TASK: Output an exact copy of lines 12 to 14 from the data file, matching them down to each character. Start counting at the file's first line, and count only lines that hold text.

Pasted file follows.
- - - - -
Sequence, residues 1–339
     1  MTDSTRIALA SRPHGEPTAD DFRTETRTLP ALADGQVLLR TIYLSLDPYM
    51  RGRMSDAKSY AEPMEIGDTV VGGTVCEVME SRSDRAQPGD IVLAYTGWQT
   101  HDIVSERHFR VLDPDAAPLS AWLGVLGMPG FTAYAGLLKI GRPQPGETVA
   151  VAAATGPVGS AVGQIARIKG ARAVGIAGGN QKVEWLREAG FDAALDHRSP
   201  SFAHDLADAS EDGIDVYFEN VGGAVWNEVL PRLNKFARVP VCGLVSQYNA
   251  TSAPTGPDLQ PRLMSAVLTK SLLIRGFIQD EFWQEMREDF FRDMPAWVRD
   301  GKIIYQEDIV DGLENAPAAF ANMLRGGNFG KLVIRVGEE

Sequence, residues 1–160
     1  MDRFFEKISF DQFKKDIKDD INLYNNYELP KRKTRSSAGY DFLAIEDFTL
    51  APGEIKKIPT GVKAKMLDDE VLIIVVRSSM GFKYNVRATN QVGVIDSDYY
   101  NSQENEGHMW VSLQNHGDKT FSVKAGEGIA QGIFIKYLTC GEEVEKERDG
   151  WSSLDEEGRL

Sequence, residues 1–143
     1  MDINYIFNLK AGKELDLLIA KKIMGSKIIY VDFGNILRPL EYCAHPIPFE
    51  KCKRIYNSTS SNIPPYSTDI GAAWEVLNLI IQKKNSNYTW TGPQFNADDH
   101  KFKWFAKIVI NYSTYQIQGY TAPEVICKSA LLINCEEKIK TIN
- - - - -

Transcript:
   101  NSQENEGHMW VSLQNHGDKT FSVKAGEGIA QGIFIKYLTC GEEVEKERDG
   151  WSSLDEEGRL

Sequence, residues 1–143